This means that future mobile devices using our 64-bit Tegra K1 chip can offer PC-class performance for standard apps, extended battery life and the best web browsing experience – all while opening new possibilities for gaming, content creation and enterprise apps.
Look forward later this year to some amazing mobile devices based on the 64-bit Tegra K1 from our partners. And for hard-core Android fans, take note that we’re already developing the next version of Android – “L” – on the 64-bit Tegra K1.
Recently we have seen a number of ‘game changer’ moves by smartphone companies all looking to start the new trend. The most recent was the launch of the OnePlus One as the “Flagship Killer” which attempted to offer high spec smartphones at a rock-bottom price. In reality the price was simply half the price you would expect to pay for a Samsung Galaxy S5 or LG G3. So although this did change what users (and probably manufacturers) expect a top of the range smartphone to cost it did not really set the smart world alight.
The Android OS and phone experience wouldn't be complete without the apps at the Google Play Store. Then there are two classifications of apps, those that you need to pay for, and those that are free to download. Free apps are more popular for obvious reasons.
It's important to take note however, that not all free apps are good apps. For those who like to download apps, it is important to have a keen eye for apps that are actually good.
Android-x86, a port of the famous Android operating system for the x86 platform, has reached version 4.4 R1 and is now ready for testing.
Android is actually using a modified Linux kernel underneath that interface. Some users even go as far as calling it a Linux distribution, although the consensus seems to be that it's not. In any case, with some tweaking, a few developers managed to port the operating system to the PC, for the X86 platforms.
Android Circuit: An Early Moto 360 Review, The Chinese Rulers Of Android, And The Galaxy Tab Nook 4 Is ComingSubmitted by Rianne Schestowitz on Sunday 10th of August 2014 07:09:52 PM Filed under
Taking a look back at the week in news across the Android world, this week’s Android Circuit highlights a number of stories, including the first impressions and images of the Moto 360 smartwatch, the Meta M1 breaks cover, more news on a potential antitrust investigation of Android in the EU, China’s dominance of the Chinese Android market, Samsung and Apple drop some patent cases, and the Tab 4 Nook has a launch date.
Android Circuit is here to remind you of a few of the very many things that have happened around Android over the last seven days.
I've been hoping to see this headline for some time now. At the first LibreOffice Conference, the Document Foundation announced its plans to migrate LibreOffice to mobile devices. The plan didn't include a total rewrite of the code, but repurposing at least 90% of the current code base. That meant the majority of the work was already done. That last remaining 10%? The user interface. The 90% already compiles on Android -- so there is a working model. Of course, what good is a working model without an interface to go along with it?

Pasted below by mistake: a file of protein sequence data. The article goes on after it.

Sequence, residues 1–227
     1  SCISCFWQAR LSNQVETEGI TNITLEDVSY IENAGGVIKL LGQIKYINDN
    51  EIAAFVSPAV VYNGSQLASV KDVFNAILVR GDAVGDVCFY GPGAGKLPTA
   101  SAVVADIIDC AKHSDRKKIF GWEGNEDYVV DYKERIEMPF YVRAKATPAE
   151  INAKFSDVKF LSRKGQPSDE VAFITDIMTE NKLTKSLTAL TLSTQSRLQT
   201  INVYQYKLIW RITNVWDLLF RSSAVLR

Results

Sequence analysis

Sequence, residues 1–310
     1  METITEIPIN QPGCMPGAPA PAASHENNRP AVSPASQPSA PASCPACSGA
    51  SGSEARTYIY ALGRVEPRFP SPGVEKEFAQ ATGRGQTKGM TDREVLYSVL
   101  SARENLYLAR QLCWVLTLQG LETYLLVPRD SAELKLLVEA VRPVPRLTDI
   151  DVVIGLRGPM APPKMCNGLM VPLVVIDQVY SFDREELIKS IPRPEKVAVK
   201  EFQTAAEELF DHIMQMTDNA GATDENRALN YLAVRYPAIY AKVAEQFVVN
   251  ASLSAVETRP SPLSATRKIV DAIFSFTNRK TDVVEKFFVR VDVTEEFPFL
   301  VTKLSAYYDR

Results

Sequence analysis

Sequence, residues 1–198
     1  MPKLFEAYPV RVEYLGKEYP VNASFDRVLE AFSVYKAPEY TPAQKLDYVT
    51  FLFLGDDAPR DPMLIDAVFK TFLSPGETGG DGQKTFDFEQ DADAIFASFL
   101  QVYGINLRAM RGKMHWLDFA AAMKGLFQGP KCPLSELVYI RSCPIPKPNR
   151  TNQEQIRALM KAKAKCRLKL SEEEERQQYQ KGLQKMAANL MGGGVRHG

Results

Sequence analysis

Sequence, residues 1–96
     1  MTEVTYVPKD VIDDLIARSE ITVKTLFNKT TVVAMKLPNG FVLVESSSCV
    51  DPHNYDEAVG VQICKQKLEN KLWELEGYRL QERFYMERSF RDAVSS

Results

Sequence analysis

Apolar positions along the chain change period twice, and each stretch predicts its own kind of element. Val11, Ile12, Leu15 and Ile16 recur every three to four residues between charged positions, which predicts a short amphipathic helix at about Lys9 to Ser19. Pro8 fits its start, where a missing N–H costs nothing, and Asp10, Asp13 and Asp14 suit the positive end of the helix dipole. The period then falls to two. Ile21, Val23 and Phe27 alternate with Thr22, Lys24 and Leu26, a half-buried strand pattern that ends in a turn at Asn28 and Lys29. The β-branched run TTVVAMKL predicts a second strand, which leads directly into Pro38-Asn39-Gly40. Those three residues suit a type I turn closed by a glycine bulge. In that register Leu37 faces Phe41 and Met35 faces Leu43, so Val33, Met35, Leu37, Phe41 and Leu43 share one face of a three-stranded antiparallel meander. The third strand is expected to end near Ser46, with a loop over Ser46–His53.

Good news for Moto X users under AT&T as the handset will receive the Android 4.4.4 Kitkat OS update by the end of the month.
According to Android Geeks, Motorola will begin to roll out the official Android 4.4.4 Kitkat OS update soon. If the testing goes according to plan, the update will arrive by the end of August.
Neptune’s Android 4.1-based “Pine” smartwatch is shipping to Kickstarter backers with a dual-core Snapdragon, 2.4-inch screen, telephony, and dual cameras.
The lightweight Android Wear may be the future of Android smartwatches, but those looking for a more fully featured Android experience — and who don’t mind alerting the fashion police — can choose from beefier smartwatch options. In January, we covered two Kickstarter-funded smartwatches that were unveiled at CES. The Omate TrueSmart, which had several months’ head start on Kickstarter, shipped to backers earlier this year, and is now available for pre-order at $299 to the general public.
The party has begun. Everyone has arrived. The good ones, the bad ones, the pretty ones and the not-so-pretty ones are already here. Except for one. Yes, and it is the most promising one too. Android and iOS both have reached a level of maturity that has given them a huge stronghold over the mobile OS market space. Both of them have been for years, have millions of apps, and have a formidable presence that has managed to ward of competition even from big companies like Microsoft.
This battlefield for mobile operating systems is so heated up that even Samsung, who is one of the biggest mobile device makers in the world is having a hard time catching up with the latest trends. From flat design trend to perks for low-spec devices, both iOS and Android have conquered some of the major challenges that come in the way of making a great mobile operating system.
Most price speculation put the device at around $399, and considered the device expensive. Now that the official price is known, the unique device seems even less appealing than before. With HP’s Chromebooks ranging from $279 to $349, and LTE models available, the Slatebook looks woefully overpriced.